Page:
NOT GETTING THE RIGHT RESULTS WHEN BAKING? YOUR EGG MAY BE THE WRONG SIZE

Not getting the right results when baking? Your egg may be the wrong size

Not getting the right results when baking? Your egg may be the wrong size

 Although it seems simple, eggs play a key role in making fried foods from scratch. Forget an egg or two and you'll end up with hockey puck muffins, hard bread, runny custards and dry cookies. Why do we use different sized eggs to be consistent in recipes?

 In fact, using different ingredients than called for in the recipe can affect everything from color to flavor. After all, baking is a science and eggs are one of the most important ingredients of the puzzle. That's why it's important to weigh your eggs. If there is not enough egg, your flour or dough may not be able to handle the process or be dry or hard. On the other hand, if there is a lot of egg, your pastry can be lost due to too much liquid, or have a rubbery (or even pasty) depending on the recipe. You also run the risk of making your product taste like eggs when their flavor should play a supporting role in your final product.

 Reference? You may not think about the importance of egg size while cooking, but the truth is that using (or using the wrong) egg size can make or break your desert. 

What contributes to an egg's size? 

The difference in egg size depends on the age, type and time of year of the chicken. Young hens usually lay smaller while experienced hens lay medium large eggs . Different breeds of chickens also lay different types of eggs. Naturally, some breeds lay smaller eggs and others larger ones. 

Finally, the weather affects egg size, especially in cold weather. In winter, the egg production of chickens usually decreases, and the eggs are smaller as a result.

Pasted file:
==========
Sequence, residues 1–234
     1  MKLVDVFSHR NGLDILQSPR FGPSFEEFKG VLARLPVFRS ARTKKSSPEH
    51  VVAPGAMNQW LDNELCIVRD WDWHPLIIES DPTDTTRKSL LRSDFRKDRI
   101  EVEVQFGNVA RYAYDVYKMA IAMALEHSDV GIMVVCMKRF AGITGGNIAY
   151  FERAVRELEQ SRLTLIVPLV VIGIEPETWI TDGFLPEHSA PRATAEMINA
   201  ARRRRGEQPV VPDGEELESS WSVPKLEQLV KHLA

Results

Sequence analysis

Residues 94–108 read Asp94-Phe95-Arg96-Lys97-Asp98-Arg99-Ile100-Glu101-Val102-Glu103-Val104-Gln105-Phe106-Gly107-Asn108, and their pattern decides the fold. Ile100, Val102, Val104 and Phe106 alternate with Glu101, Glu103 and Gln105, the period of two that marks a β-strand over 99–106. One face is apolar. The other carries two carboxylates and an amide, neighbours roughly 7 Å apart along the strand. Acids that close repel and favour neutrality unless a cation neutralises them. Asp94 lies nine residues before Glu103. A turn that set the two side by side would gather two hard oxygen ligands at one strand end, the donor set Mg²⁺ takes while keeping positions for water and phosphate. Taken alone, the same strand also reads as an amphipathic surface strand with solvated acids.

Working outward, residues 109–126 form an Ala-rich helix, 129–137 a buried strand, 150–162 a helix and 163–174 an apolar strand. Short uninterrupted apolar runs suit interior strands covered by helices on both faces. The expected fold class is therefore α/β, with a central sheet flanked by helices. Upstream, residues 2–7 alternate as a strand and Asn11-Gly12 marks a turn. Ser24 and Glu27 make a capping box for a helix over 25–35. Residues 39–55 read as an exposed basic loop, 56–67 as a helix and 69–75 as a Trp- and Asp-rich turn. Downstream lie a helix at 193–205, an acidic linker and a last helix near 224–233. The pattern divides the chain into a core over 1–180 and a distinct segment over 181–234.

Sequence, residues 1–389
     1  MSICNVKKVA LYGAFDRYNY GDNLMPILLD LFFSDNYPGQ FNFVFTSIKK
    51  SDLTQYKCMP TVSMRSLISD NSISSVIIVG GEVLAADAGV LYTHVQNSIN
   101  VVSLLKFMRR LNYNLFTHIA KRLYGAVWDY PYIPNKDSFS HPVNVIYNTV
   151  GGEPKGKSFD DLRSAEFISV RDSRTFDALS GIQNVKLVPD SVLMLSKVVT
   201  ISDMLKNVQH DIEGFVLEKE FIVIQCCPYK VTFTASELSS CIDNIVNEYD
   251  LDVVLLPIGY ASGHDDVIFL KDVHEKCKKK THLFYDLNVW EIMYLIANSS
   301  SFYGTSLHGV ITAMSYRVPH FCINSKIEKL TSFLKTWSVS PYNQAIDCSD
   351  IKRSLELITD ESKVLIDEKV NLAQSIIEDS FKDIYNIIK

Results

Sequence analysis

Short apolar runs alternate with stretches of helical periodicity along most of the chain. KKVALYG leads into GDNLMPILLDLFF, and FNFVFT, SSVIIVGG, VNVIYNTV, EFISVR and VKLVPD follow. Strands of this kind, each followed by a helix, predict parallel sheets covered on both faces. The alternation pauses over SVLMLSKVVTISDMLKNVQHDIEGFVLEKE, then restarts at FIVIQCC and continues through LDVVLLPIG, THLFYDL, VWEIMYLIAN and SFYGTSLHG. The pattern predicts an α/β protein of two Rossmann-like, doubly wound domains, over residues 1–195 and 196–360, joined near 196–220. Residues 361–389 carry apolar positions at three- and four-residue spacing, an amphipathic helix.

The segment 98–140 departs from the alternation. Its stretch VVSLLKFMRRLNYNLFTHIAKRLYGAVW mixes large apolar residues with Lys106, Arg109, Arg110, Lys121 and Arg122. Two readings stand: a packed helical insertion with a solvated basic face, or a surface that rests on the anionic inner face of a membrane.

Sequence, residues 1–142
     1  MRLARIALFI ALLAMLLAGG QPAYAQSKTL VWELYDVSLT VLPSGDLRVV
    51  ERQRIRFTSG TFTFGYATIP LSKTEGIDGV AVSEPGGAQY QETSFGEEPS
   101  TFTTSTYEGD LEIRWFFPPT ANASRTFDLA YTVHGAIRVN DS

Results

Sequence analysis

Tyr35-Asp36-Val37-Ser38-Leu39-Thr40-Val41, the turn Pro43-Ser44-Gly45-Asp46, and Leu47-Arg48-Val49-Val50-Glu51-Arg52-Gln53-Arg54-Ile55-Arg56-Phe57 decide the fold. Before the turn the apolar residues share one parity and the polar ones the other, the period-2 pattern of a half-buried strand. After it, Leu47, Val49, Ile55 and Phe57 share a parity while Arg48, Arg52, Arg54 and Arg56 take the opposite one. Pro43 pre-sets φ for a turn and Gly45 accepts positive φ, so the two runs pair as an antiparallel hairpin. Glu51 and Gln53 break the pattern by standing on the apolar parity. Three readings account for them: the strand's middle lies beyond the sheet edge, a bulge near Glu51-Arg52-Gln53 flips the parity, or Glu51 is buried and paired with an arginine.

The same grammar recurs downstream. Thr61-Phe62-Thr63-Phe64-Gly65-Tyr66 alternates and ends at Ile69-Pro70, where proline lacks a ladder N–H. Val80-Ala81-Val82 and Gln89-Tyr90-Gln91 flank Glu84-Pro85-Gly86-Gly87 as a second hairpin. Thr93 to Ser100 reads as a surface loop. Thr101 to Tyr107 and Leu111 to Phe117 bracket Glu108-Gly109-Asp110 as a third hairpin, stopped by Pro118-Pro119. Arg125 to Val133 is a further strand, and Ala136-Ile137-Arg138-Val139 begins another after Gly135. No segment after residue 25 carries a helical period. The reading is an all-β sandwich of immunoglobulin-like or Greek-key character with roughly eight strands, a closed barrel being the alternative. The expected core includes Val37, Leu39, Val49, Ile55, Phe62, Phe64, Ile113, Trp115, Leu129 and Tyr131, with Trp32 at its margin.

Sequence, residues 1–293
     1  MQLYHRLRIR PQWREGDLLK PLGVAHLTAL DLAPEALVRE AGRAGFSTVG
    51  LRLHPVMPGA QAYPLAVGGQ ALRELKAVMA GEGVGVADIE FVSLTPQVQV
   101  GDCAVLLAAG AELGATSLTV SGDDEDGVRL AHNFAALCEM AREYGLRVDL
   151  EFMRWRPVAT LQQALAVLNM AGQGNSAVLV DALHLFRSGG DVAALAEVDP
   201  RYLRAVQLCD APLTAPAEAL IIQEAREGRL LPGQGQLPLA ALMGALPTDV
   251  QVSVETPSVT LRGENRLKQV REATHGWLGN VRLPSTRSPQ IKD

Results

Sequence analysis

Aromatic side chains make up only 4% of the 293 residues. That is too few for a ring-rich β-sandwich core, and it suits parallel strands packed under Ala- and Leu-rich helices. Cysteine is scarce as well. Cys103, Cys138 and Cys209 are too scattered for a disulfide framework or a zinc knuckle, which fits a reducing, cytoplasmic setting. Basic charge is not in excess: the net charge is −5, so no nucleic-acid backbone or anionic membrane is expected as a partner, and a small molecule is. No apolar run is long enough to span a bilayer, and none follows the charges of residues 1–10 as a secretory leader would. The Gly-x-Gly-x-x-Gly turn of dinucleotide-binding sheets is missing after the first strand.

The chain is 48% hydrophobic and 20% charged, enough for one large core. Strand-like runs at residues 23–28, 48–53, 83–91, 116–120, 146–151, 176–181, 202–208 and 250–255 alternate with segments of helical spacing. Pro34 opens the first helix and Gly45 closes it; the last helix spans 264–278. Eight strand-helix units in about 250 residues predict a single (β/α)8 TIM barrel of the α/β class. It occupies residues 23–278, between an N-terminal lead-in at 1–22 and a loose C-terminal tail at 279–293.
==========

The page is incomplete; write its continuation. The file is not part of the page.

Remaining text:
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Incorrect egg size changes the liquid ratio in a recipe.

A large egg contains less than ¼ cup of liquid egg, weighing about 50 grams without shell. A large egg is too big and a medium egg is too small. Large eggs will weigh about 63 grams each without their shell, which means almost 30% more eggs.

Egg size has the greatest impact on the taste and texture of baked goods in recipes that call for more than one egg. In these types of recipes, like cakes and cupcakes, the small difference between the egg sizes increases." If you don't have enough eggs in your cake batter, you won't be able to add enough air to your bread. goods, and this problem will be aggravated by the fact that your dough will be thicker because due to the lower ratio of liquid to dry ingredients. This will result in a dense, under risen, sunken, or even squishy texture depending on your recipes. On the other hand, if you have too many eggs in your dough, you can end up with a texture that is not good, or even rubbery texture.


What is the best egg size for baking? 

When in doubt, go for large eggs The good news is that the vast majority of recipes use large eggs. Of course, most recipes don't bother to mention the size of the egg, but the assumption is always that you use eggs, unless the author of the instruction has indicated otherwise. 

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How does egg size affect taste?

When it comes to flavor, the higher quality eggs you use, the tastier your cooking will be. Look for competent human eggs, as chickens spend most of their days foraging outdoors for insects and tasty vegetables; Chickens [that] benefit from a healthy, varied diet that produces more nutrients, smells better and ensures that the taste of your eggs will come out in the best possible way. Make sure their flavor matches everything else in your recipe, and the best way to achieve this is to use the right amount of eggs.

Egg size substitutions and swaps

What should a baker do if they can't find or don't have eggs on hand? There's a lot of manipulation you can do to make sure you have the right liquid-to-dry ratio. The best solution is to mix a few eggs together to mix the whites and yolks (one more than called for in your recipe if you are using a smaller amount, or the same amount required if if you use a large size). Next, use a kitchen scale to measure 50 grams of whisked eggs to replace each egg. If you don't have a scale, you can also measure the beaten eggs into cups, using ¼ cup egg mixture to replace each egg in your recipe.


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